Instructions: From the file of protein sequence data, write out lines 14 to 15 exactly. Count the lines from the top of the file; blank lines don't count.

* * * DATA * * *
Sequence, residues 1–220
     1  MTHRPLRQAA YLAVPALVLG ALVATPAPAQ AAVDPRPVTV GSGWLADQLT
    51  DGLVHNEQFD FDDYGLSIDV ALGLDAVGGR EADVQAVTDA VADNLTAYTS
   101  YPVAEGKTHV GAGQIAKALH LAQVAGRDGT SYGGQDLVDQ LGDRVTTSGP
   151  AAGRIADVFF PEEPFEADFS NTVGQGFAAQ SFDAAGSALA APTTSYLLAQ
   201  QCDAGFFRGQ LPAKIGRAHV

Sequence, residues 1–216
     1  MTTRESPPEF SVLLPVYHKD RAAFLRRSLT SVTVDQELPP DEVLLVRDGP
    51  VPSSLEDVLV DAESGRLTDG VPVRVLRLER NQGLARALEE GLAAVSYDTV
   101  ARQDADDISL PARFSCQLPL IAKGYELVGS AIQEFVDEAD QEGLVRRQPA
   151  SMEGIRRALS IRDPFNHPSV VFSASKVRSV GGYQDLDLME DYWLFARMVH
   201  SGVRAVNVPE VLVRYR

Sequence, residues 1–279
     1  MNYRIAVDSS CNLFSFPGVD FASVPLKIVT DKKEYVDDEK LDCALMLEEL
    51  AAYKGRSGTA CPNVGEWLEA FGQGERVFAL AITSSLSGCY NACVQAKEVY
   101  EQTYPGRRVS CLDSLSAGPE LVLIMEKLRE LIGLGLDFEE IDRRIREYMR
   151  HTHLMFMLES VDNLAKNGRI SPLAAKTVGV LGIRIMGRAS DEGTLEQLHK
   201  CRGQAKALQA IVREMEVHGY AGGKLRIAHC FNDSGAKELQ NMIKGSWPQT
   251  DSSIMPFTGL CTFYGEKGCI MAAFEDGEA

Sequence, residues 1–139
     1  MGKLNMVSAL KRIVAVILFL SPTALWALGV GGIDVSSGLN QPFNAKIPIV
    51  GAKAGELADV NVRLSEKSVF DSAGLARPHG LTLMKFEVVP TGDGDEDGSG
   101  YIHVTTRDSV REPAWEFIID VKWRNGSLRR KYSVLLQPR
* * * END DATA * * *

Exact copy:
     1  MNYRIAVDSS CNLFSFPGVD FASVPLKIVT DKKEYVDDEK LDCALMLEEL
    51  AAYKGRSGTA CPNVGEWLEA FGQGERVFAL AITSSLSGCY NACVQAKEVY